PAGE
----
Spain’s Biggest Wildfire In 20 Years Was Caused By A Self-Combusting Pile Of Manure

Published June 28, 2019
Updated August 6, 2019

Catalonia is on fire, being ravaged by a blaze that has already affected at least 13,000 acres. And firefighters say it all started with a pile of manure.

Spain Wildfire Overview In Maials

PAU BARRENA/AFP/Getty ImagesResidents near Maials, in Catalonia, gathered to watch the fire raging miles away. June 27, 2019.

Western Europe is currently battling a massive, record-setting heatwave, with parts of France recording temperature of 114 degrees Fahrenheit. The last time a heat wave of this scale rolled through Europe, in 2003, tens of thousands of people died — and it was 10 degrees cooler back then.

Now, in northeastern Spain, the excessive heat has set at least 13,000 acres of forest and vegetation ablaze. According to CNN, however, it wasn’t just dry brush and exorbitant temperatures that sparked the fire.

Authorities said the blaze likely began when an “improperly managed” pile of chicken manure self-combusted. In other words, a mound of dry dung boiled so intensely, it sparked a national emergency.

A France 24 segment on Spain’s ‘manure fire.’

Spontaneous ignitions aren’t uncommon, of course. Dry and thus highly flammable materials such as hay, compost, or manure simply combust once high enough temperatures are reached.

The primary mistake here was placing this pile in a secure area during one of the worst heatwaves in years. At the time of this writing, the fire has yet to be controlled. Fifty-three people have been evacuated from Catalonia’s Tarragona province, just down the coast from Barcelona.

The Catalan fire brigade has sent an estimated 350 firefighters, 12 fire engines, and numerous vehicles fitted with large water tanks are on the scene. Seven aircraft and two hydroplanes, meanwhile, are attacking the fire from above.

Those who’ve chosen to stay in their homes were advised to keep their doors and windows shut and do their best not to inhale any smoke.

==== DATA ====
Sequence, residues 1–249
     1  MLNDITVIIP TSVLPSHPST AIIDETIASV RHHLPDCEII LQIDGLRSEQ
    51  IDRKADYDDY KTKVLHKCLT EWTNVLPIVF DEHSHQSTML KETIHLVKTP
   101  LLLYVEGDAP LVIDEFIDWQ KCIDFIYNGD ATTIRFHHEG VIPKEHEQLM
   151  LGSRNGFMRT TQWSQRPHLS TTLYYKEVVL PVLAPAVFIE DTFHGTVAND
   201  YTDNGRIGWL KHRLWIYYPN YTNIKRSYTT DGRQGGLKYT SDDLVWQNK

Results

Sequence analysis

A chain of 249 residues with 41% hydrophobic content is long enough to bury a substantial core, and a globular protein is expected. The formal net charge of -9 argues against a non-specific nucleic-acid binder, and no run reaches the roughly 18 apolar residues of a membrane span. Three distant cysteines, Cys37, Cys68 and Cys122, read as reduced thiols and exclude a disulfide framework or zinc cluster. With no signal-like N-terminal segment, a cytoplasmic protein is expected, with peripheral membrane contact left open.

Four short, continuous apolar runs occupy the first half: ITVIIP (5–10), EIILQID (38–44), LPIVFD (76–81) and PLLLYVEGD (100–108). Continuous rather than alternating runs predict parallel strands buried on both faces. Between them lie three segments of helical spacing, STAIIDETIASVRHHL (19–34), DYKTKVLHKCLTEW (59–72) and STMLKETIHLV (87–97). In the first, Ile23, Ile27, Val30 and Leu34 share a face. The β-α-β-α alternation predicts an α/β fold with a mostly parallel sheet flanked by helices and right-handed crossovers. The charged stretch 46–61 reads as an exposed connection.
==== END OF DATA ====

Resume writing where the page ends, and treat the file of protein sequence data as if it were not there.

Tarragona Spain Wildfire At Night

TwitterThere are currently 350 firefighters, 12 fire engines, and numerous vehicles fitted with large water tanks on the scene — in addition to several aircraft and hydroplanes.

Unfortunately the area’s steep slopes and deep ridges, alongside the unhelpful weather conditions, could facilitate the wildfire’s spread.

Firefighters said the blaze could grow to cover as much as double the current area. The Catalan government, meanwhile, offered an assuaging piece of good news: While temperatures are expected to rise, the strong winds that could help spread the fire are expected to calm.

Ultimately, the underlying issue seems to be our global climate crisis. This is how it manifests: more wildfires, dryer terrain, droughts, “fire tornadoes”, and stronger winds are all interconnected and result in serious, life-threatening emergency situations like this.

Catalonia Wildfire Ashen Forest

TwitterOver 10,000 acres of forest and various vegetation has been damaged or irreparably destroyed.

Germany, Poland, and the Czech Republic all measured the highest temperatures in history for the month of June on Wednesday.

With France issuing a historical red level alert on top of that, Western Europe is currently embattled in a hellish scenario that doesn’t care about borders or nationalities. Last summer it was the Carr Fire in California. This summer, it’s Spain’s manure fire.

Climate scientists have repeatedly warned that heat waves like this are becoming more and more common. In fact, the frequency of these terrifying scenarios is expected to double by 2050.

After learning about how a pile of self-combusting manure spurred Spain’s wildfire emergency, watch a California wildfire nearly engulf Interstate 405. Then, learn about how one Florida man’s book-burning sparked a massive wildfire that destroys two homes.

Marco Margaritoff
A staff writer for All That’s Interesting, Marco Margaritoff has also published work at outlets including People, VICE, and Complex, covering everything from film to finance to technology. He holds dual bachelor's degrees from Pace University and a master's degree from New York University.